Democratic House Minority Leader Eileen Filler-Corn. (Photo by Ned Oliver/Virginia Mercury)
Her time has come.
Never have women enjoyed as much electoral success in Virginia as they achieved in this month’s legislative election.
A record 30 women (six newly elected) will hold seats in the House of Delegates when the 2020 session convenes. And, for the first time in 400 years, a woman will preside as speaker over the oldest continuously-meeting legislative body in the Western Hemisphere.
In the Senate, women will occupy 11 of the 40 seats – also a record – with two of them newcomers.
Their influence goes beyond their numbers. Without victories by women in the blue sweep, Democrats could not have consolidated their hold on political power in Virginia for the first time in 26 years.
And there’s still upward mobility for them. Virginia is one of 20 states never governed by a woman. Ten states or U.S. territories presently have female governors.
The closest any woman has come was in 1993, when Attorney General Mary Sue Terry, a Democrat and still the only woman to win statewide election in Virginia, held a prohibitive lead over a one-term GOP former congressman named George Allen. A conservative wave and Allen’s folksy populism flipped the race and kicked off a Virginia GOP renaissance in the 1990s.
Now, a new crop of diverse female legislators is poised to advance the role of women in government beyond anything Virginia has known.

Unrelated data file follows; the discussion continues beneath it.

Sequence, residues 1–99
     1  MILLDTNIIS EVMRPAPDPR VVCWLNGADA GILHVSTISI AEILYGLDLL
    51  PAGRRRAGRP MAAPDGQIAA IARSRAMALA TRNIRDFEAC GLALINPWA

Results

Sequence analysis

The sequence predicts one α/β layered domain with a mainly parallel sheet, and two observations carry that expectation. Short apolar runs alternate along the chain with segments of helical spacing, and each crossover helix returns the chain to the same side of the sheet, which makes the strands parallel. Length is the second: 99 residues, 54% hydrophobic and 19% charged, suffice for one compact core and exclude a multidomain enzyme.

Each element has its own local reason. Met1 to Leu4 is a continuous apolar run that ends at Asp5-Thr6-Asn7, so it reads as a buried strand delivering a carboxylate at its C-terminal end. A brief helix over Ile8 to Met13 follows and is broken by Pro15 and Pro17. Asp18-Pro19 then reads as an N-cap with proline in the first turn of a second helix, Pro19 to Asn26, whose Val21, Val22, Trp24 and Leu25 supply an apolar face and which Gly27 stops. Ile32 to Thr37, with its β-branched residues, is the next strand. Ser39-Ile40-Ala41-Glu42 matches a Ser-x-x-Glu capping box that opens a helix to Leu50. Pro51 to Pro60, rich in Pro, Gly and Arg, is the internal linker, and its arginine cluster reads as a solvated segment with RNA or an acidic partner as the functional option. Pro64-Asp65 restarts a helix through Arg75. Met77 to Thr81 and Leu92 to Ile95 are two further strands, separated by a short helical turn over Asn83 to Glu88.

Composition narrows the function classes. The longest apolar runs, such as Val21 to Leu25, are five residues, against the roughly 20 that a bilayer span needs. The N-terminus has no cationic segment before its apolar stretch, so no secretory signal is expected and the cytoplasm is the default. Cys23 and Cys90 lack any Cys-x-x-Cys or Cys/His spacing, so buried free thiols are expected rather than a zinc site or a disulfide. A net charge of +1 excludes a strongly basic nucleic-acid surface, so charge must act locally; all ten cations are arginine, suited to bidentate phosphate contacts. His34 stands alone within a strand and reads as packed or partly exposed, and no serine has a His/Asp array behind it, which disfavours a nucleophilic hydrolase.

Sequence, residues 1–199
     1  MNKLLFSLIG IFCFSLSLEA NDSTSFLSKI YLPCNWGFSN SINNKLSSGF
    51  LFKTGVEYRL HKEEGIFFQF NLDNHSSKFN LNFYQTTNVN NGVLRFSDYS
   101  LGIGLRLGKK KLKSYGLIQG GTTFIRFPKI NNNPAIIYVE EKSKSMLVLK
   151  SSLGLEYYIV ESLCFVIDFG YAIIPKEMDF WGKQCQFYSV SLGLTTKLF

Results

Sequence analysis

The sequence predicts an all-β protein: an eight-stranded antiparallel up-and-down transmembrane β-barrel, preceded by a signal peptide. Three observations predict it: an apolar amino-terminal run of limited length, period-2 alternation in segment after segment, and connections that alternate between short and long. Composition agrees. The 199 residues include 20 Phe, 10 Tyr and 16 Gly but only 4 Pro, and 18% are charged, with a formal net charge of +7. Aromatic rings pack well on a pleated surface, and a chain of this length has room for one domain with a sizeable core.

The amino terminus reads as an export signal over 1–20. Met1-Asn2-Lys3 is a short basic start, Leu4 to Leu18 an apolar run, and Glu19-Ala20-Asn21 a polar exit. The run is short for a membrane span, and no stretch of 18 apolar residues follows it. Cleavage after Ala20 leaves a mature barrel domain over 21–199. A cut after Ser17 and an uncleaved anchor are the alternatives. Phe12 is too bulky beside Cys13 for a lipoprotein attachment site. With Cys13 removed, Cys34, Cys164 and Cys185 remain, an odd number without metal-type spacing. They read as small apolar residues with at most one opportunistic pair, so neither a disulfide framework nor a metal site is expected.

Here, in alphabetical order, are five female rising stars to watch as the 2020 legislature unfolds.
Sen. Siobhan Dunnavant, R-Henrico:
It’s been 10 years since a Republican won a statewide election. Now shut completely out of power, the party’s prospects for a quick rebound are shaded by President Donald Trump’s low popularity in the state’s burgeoning suburbs.
That’s why Dunnavant’s squeaker victory over Del. Debra Rodman in blue-voting suburban Henrico County is relevant.
Her win in one of Virginia’s most expensive legislative races wasn’t enough to save the GOP’s majority, but it allowed her party to exceed bleak expectations. It also means that on a tight partisan floor vote, Democrats can’t prevail if more than one of their senators breaks ranks.
More important, however, are the insights her election provides a Virginia GOP struggling to compete in blue-tinged suburbs. Dunnavant staked out centrist policy positions in her campaign, even claiming in one campaign ad to support some gun control measures – her generous donations from the National Rifle Association notwithstanding.
Her work as an obstetrician and gynecologist helps make her relatable to women, a key Democratic demographic. She also has a solid GOP pedigree: one brother, Ken Stolle, represented Virginia Beach in the Senate before he was elected the city’s sheriff, and another, Chris Stolle, serves in the House.
Speaker-elect Eileen Filler-Corn, D-Fairfax:
Filler-Corn in January becomes the first woman ever to wield the gavel of the House, which, as the colonial House of Burgesses in Jamestown, was enacting legislation 170 years before Congress was established. She is also the first Jewish speaker.
She won her seat representing Fairfax County in 2009. Her first venture into top House leadership came just this year when the House’s 49 Democrats elected her minority leader.